Every week, Test Kitchen director Donna Deane and I receive e-mails from readers about the week's recipes. Many are positive; the recipes may stir a memory or utilize an ingredient in an exciting new way. Often we receive questions about similar recipes or methods, wondering why we add ingredients when we do, or what we mean by a particular step. Some questions don't relate to just-published recipes but are totally out of the blue — what would we suggest doing with a particular ingredient or how might we cook a certain food? Occasionally we hear from a frustrated e-mailer who's wondering why a recipe didn't come out as expected.
That said, we thought we'd start throwing out some weekly general kitchen tips on this blog. Many will probably be familiar, some may be totally new. In any case, we hope they're helpful. If you've got any questions or tips you'd like us to explore, feel free to comment — we'll do our best to cover each one we receive.
The majority of questions we receive involve baking. With baking being the precise science it is, we thought we'd start by giving some tips relating to measuring and ingredients. Here goes:
• Use liquid measuring cups for liquid ingredients, and dry measures for dry. Honestly, we can't stress how important this is; nothing will throw a recipe off more quickly than measuring out your flour in a liquid measuring cup (you'll end up with much more than is called for in the recipe). Measuring spoons can be used for both liquid and dry ingredients.
• Place the measuring cup on a flat, level surface before measuring. This goes for both liquid and dry ingredients.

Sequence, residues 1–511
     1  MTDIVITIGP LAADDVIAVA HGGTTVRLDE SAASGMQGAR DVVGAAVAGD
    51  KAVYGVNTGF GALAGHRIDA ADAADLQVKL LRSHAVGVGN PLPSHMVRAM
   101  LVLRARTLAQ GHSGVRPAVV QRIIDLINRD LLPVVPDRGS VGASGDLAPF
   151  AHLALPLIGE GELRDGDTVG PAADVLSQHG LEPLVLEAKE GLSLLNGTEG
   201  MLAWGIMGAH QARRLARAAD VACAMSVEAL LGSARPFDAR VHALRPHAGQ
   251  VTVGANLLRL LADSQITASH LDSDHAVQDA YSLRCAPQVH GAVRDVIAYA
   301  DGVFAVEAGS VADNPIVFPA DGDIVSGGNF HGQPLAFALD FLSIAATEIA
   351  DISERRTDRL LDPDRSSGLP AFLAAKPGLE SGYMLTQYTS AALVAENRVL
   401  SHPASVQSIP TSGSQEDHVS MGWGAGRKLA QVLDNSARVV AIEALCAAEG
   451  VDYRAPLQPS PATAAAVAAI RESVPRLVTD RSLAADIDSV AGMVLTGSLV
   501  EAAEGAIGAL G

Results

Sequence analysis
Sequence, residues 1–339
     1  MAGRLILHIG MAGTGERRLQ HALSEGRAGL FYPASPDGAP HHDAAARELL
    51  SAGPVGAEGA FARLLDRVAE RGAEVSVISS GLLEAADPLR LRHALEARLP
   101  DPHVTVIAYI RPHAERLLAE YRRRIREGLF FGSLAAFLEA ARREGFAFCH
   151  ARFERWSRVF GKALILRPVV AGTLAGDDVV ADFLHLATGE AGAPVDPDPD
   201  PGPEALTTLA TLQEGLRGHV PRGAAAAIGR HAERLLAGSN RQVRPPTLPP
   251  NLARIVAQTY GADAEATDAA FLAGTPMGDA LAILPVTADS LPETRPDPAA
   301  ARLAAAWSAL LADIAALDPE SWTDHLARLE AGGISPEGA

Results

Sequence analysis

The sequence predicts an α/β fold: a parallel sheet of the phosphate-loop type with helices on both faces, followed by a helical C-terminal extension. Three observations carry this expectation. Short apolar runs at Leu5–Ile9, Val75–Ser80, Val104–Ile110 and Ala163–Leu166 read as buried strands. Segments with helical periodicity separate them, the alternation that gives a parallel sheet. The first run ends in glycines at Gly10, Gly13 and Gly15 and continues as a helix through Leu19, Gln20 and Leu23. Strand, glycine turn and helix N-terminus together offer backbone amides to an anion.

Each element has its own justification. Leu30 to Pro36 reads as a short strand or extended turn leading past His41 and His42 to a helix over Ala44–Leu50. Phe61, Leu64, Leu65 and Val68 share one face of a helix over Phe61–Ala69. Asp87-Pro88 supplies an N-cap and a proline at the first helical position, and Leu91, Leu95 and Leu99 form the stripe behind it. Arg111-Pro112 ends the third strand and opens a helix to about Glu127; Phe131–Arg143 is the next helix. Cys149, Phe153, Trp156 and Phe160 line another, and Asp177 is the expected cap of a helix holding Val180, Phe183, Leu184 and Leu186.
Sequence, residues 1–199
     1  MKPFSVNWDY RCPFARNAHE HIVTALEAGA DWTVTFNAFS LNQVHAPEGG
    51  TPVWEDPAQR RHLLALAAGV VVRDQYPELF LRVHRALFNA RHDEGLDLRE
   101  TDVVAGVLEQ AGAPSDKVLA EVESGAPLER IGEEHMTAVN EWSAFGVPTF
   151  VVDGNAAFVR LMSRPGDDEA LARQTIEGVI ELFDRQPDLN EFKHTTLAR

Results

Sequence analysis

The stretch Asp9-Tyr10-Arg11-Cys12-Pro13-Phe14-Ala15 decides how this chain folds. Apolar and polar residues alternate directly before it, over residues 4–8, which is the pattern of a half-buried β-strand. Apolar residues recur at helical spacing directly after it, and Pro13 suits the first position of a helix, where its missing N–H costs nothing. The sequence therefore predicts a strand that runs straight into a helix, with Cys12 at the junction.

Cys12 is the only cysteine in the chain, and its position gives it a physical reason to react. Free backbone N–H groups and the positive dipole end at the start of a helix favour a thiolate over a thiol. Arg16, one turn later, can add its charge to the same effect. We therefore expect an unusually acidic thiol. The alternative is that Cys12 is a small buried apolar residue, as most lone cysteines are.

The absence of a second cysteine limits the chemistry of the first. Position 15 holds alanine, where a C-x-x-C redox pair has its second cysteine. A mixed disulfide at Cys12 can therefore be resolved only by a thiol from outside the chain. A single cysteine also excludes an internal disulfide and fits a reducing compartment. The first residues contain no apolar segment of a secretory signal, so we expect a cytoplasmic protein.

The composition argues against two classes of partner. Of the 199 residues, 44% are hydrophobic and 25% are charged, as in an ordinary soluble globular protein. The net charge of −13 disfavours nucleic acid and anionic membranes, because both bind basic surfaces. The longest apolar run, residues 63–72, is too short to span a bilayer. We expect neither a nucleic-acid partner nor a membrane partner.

• Level off your dry ingredients so they're flush with the top of the measuring spoon or cup. Do this gently.
• Gently spoon — don't pack — the flour into the measuring cup. Packing will throw off a recipe by adding more flour than is called for. And don't scoop the flour using the same spoon/cup with which you're planning to measure — this will pack the flour.
• Pack the brown sugar into your measuring spoon or cup. Yes, this is the total opposite of the flour.
• Opened spice and herb jars should be kept no longer than one year. Spices, like anything else, get stale and lose their potency gradually after they're opened. In the Test Kitchen, we try to date the jars once they're opened so we know when each spice should be replaced.
• Baking soda and powder should be replaced each year. Like the spices, they lose their potency. Quick breads and cookies won't rise (or rise as they should) with stale ingredients.
• Eggs should be at room temperature before they're used in a recipe. One function of eggs in baking is to add volume; room-temperature eggs will give you higher cakes and more magnificent meringues than cold eggs.
• When we call for salt in a recipe, we are referring to fine salt (we use fine sea salt in the Test Kitchen). If a recipe calls for a specific salt, such as kosher or coarse, we will list this in the ingredients.
— Noelle Carter
Photo by Noelle Carter